Citing Third Party Disclosure, Court Rules Attorney-Client Privilege does not Protect Certain Emails

Communications between attorneys and their clients are generally thought to be confidential under the protection of attorney-client privilege and work product doctrine.  On May 6, 2019, however, the United States District Court Southern District of New York ruled that attorney-client communications, in the form of emails, shared with a public relations firm were neither privileged nor protected by attorney work-product doctrine. In the trademark case of Universal Standard Inc. v. Target Corp., S.D.N.Y., No. 18 Civ. 6042, 5/6/19, Magistrate Judge Gabriel W. Gorenstein demonstrated the narrowness of circumstances in which a company can assert privilege after sharing information with third parties. The court held that since the PR firm hired by Universal Standard was not necessary to the emails between Universal Standard and its attorneys, was not an agent of the company, and was not hired to aid in legal tasks, privilege and work product did not apply to the communications.

 

Universal Standard creates women’s apparel with “size-inclusive” clothing brands and in 2018 brought suit against Target alleging that Target’s “Universal Thread” line of women’s clothing willfully infringed upon its trademark.  During a deposition for the case, Target’s attorney questioned one of Universal Standard’s witnesses about the email chains between Universal Standard, their PR firm, BrandLink, and their attorneys.  Universal Standard objected that the emails were privileged.

 

The court ruled the emails aren’t protected by attorney-client privilege as disclosure to a third party generally eliminates that privilege.  While Universal Standard argued three separate exceptions applied, the court disagreed with their conclusions:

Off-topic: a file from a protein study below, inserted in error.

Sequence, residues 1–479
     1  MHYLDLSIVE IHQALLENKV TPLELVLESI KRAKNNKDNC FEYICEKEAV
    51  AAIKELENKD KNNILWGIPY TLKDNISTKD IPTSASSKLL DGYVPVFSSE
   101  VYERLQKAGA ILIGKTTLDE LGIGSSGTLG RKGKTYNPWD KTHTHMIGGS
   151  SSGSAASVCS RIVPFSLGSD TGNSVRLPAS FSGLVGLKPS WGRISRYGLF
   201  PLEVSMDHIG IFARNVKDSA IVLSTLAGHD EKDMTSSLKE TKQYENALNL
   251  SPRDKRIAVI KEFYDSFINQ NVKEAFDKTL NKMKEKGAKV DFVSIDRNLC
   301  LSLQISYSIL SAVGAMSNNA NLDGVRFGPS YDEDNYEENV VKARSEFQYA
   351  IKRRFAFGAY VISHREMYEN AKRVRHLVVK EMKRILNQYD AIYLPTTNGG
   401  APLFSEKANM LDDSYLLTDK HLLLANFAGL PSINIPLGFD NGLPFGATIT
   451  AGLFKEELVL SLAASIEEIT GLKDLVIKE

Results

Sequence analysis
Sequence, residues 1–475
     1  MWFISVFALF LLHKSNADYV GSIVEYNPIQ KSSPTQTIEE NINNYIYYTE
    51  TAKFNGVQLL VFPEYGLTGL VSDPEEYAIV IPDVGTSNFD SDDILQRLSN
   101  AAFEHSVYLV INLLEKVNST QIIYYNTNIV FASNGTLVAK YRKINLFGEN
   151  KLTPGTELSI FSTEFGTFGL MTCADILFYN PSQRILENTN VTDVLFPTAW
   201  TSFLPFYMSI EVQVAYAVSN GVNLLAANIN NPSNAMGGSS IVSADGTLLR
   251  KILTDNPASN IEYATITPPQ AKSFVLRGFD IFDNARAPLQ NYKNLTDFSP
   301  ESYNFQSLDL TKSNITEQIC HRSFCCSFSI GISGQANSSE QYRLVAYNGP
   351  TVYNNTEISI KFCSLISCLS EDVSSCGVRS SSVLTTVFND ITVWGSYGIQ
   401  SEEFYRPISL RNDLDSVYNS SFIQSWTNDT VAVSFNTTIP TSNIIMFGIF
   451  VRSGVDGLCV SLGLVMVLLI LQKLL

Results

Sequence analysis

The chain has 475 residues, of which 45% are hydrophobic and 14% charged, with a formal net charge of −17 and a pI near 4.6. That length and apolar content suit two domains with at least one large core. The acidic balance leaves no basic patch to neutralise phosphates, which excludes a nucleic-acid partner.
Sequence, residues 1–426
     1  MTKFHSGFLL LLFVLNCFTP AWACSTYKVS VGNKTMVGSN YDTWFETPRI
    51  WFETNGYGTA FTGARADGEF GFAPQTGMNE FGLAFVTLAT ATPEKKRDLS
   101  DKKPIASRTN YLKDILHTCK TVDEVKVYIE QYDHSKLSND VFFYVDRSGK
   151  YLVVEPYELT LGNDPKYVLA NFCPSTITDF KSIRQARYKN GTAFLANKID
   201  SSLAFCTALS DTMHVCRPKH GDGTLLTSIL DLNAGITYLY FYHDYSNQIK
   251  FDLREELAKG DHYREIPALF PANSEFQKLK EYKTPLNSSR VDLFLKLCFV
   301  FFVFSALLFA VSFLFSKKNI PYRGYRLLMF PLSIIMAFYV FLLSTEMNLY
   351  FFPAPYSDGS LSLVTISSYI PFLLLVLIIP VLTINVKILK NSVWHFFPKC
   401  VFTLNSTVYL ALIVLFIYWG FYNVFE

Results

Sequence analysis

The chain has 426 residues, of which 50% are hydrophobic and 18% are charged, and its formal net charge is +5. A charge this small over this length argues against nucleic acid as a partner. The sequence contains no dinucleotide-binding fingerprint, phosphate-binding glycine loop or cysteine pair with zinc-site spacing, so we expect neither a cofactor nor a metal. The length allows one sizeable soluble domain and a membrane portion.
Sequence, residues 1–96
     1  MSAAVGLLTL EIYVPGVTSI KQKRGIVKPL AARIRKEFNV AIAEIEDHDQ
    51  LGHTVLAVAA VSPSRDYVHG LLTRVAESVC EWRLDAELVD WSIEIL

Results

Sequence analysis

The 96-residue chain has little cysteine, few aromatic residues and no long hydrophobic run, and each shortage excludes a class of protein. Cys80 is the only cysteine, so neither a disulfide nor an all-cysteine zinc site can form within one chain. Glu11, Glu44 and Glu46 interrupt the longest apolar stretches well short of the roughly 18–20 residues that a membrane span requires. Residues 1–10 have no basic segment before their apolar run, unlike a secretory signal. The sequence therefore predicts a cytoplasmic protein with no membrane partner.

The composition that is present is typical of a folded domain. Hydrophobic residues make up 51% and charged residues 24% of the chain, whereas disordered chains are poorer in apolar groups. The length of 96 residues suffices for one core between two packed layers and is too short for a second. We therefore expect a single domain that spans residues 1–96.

1. BrandLink was not necessary to the understanding of facts between attorney and client: The court said the emails in question involved the public relations strategy relating to the lawsuit; which could have been relayed directly to the attorneys alone to invoke privilege.
  2. BrandLink was not a “functional equivalent” of an employee or agent of Universal Standard: The court cited that BrandLink did not represent the company to third parties, maintain an office at the company, nor seek legal advice from Universal Standard’s counsel, failing the “functional equivalent” standard.
  3. BrandLink was not hired to complete legal tasks: The court noted a distinction regarding privilege in that there is a difference between when a client hires a third party versus when an attorney hires a third party to implement a legal strategy.  As BrandLink was hired for business purposes, the court held this exception did not apply.

 

The Court also rejected Universal Standard’s for work product doctrine protection as “conclusory” when they stated all the emails were created in anticipation of litigation and reflected the opinions of their counsel, as these statements were confined to a single sentence, and, as the court stated, a mere recital of the law.

 

Thus, when communicating with an attorney and the utilizing the convenience of email, it is important to be diligent on who you are including in your communications and what necessity they bring to the privileged conversation.

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